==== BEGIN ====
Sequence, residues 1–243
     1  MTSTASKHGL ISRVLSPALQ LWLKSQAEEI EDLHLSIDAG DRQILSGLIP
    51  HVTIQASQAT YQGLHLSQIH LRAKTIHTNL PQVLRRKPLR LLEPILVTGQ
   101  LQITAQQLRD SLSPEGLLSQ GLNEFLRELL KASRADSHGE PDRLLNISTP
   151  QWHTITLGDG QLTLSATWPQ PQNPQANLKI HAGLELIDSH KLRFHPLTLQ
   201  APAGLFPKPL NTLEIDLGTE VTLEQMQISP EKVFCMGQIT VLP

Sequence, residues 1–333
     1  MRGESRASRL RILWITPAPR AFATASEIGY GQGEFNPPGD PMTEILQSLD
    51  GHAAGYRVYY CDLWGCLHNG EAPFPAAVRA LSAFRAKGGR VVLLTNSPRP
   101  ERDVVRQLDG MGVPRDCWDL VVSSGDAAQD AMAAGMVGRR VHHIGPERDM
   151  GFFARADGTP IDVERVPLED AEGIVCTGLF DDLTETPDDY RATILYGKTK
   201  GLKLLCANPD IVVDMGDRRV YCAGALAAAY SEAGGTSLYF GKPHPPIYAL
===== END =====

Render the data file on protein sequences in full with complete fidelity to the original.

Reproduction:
Sequence, residues 1–243
     1  MTSTASKHGL ISRVLSPALQ LWLKSQAEEI EDLHLSIDAG DRQILSGLIP
    51  HVTIQASQAT YQGLHLSQIH LRAKTIHTNL PQVLRRKPLR LLEPILVTGQ
   101  LQITAQQLRD SLSPEGLLSQ GLNEFLRELL KASRADSHGE PDRLLNISTP
   151  QWHTITLGDG QLTLSATWPQ PQNPQANLKI HAGLELIDSH KLRFHPLTLQ
   201  APAGLFPKPL NTLEIDLGTE VTLEQMQISP EKVFCMGQIT VLP

Sequence, residues 1–333
     1  MRGESRASRL RILWITPAPR AFATASEIGY GQGEFNPPGD PMTEILQSLD
    51  GHAAGYRVYY CDLWGCLHNG EAPFPAAVRA LSAFRAKGGR VVLLTNSPRP
   101  ERDVVRQLDG MGVPRDCWDL VVSSGDAAQD AMAAGMVGRR VHHIGPERDM
   151  GFFARADGTP IDVERVPLED AEGIVCTGLF DDLTETPDDY RATILYGKTK
   201  GLKLLCANPD IVVDMGDRRV YCAGALAAAY SEAGGTSLYF GKPHPPIYAL